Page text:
Silent hymn of love.
Soft wind through hollow branches,
Heart-found holiness.

Presence

A friend asked me why I hadn’t posted anything in a while. I squarely put the blame on an absent Muse. I’ve certainly been trying! So she (the Muse) decided to show up today, suggesting a topic that we’ve written about before: Presence.

It all started when a fellow blogger linked his readers to a talk on YouTube given by Eckhart Tolle, author of The Power of Now. When I checked my book-case, that book was still there, but only half read.

I watched a number of Tolle’s brief but substantive talks, covering topics that plague virtually all of us: depression, negativity, anxiety, anger, etc. Difficulties arise when the mind – frequently our own worst enemy – dwells on past hurts, issues, events that disturb our peace. We keep replaying these old news reels, thus keeping them alive to hurt us over and over again. Thoughts about the future can be a joyful exercise but are problematic when they produce anxiety or fear. Tolle proposes that these negative states can be tamed by learning to live in the NOW. The NOW, after all, is the only thing we have: the past is gone; the future is unknowable.Tolle definitely has made a new fan of me.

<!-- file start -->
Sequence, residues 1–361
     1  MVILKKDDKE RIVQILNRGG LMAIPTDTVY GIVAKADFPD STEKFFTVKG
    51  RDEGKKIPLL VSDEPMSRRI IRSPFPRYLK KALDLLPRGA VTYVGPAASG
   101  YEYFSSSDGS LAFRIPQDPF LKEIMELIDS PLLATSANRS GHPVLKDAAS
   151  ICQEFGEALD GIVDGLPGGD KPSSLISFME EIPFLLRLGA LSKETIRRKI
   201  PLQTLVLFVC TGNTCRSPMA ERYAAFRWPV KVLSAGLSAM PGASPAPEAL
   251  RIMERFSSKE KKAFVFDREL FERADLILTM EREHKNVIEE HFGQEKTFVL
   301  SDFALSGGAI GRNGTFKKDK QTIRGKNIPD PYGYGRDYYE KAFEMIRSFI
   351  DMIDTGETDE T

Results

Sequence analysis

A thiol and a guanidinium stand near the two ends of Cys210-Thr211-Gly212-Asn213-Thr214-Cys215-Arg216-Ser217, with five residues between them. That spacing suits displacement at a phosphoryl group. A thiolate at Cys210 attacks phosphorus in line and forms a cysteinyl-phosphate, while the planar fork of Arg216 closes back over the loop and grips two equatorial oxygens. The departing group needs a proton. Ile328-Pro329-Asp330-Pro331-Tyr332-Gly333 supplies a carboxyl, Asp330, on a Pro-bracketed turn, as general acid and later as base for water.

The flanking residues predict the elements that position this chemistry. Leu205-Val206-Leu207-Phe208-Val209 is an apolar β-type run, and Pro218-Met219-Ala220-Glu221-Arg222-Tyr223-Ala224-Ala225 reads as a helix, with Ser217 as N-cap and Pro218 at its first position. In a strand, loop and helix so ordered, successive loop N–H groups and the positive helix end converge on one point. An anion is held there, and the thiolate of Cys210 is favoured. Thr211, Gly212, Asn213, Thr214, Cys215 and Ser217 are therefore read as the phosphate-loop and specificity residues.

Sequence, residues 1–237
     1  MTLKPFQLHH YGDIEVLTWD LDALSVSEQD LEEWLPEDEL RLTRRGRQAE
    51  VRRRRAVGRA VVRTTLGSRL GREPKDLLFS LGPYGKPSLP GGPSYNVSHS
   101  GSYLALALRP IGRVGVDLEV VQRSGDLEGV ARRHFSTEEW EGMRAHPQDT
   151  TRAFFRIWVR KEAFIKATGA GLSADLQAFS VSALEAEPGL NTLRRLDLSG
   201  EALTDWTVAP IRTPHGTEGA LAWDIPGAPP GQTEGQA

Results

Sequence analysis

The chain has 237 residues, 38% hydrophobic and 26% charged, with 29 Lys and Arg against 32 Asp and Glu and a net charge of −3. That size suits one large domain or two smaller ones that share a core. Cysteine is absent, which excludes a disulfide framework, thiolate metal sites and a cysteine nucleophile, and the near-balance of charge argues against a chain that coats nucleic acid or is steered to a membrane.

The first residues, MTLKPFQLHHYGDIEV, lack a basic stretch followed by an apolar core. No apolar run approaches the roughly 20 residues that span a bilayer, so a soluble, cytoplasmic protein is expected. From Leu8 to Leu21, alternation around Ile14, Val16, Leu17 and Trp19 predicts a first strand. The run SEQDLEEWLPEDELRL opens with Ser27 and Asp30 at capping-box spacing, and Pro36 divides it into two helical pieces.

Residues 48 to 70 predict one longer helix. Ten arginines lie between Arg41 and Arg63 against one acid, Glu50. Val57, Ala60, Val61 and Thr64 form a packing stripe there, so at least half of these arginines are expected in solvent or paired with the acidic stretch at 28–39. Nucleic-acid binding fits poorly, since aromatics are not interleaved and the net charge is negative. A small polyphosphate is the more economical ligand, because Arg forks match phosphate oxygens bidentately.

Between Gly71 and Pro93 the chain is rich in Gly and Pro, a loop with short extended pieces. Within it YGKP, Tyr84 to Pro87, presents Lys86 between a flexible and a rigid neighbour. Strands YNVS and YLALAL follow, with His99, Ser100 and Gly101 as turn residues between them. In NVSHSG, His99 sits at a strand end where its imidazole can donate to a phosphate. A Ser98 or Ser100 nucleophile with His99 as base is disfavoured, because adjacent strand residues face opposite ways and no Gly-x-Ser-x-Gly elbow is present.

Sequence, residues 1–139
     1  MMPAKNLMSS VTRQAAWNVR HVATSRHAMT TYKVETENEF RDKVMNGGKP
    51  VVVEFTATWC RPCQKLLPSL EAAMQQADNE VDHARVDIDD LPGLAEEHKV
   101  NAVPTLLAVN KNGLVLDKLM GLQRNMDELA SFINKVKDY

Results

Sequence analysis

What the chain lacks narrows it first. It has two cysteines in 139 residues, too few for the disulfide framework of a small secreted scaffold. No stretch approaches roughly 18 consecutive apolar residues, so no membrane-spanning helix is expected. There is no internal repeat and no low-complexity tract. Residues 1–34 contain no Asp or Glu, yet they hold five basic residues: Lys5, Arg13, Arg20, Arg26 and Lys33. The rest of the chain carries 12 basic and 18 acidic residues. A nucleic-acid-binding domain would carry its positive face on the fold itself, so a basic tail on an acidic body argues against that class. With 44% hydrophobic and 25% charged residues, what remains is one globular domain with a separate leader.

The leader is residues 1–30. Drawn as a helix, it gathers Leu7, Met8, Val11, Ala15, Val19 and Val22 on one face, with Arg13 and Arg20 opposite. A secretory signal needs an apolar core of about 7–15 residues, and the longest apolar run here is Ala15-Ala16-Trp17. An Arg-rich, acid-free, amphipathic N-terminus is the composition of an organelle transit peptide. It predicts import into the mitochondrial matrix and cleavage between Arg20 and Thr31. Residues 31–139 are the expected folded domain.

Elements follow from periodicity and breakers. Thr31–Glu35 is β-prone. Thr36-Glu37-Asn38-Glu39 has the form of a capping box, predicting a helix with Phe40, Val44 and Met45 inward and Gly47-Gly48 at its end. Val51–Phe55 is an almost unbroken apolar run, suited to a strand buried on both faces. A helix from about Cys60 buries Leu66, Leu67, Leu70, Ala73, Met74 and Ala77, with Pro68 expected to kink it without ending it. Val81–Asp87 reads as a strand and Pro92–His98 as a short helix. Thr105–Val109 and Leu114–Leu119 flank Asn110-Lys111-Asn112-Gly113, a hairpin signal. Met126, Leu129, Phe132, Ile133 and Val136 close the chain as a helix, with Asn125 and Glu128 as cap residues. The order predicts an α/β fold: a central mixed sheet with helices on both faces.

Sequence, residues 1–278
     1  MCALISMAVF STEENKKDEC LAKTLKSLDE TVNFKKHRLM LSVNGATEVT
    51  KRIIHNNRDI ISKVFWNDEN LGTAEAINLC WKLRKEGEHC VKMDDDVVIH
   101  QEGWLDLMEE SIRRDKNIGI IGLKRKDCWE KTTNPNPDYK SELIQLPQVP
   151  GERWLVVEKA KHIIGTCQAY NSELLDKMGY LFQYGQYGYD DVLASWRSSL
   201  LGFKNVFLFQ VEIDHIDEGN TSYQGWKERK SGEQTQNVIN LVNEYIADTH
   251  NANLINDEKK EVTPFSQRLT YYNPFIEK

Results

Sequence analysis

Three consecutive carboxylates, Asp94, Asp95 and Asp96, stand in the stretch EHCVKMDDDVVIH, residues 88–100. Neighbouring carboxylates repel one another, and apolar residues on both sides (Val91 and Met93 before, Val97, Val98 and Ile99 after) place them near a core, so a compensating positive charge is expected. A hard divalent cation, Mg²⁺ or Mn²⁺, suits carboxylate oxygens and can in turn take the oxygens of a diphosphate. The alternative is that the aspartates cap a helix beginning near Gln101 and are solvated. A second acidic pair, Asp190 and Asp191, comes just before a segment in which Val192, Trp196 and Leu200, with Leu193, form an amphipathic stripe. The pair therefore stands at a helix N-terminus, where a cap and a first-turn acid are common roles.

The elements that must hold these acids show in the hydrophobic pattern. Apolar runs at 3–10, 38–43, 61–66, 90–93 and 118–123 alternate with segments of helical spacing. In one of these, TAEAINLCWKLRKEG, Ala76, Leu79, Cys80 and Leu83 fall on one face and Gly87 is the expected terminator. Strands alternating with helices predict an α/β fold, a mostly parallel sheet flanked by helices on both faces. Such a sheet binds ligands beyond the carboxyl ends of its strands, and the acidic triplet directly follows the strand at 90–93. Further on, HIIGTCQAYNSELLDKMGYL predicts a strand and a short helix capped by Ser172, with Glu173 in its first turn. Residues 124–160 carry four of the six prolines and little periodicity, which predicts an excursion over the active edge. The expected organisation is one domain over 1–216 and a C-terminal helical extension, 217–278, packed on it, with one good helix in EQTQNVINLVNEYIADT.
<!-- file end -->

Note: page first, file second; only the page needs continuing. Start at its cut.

However, after seeing the Mass readings for today (16th Sunday of Ordinary Time), the reality dawned on me that what Tolle teaches is most helpful, but not really new. This is not to denigrate either Tolle or what he teaches, because we all need to hear the same thing repeated at different times, in different words, to different audiences in different eras. This morning, for example, we heard the stunning passage from Paul’s letter to the Colossians. He imparts the “mystery hidden from all ages, now, finally revealed to all. This is the mystery of Christ in you.” Christ’s miraculous presence in us.

This is the work of our divinization as we take on the mind and attitude of Christ.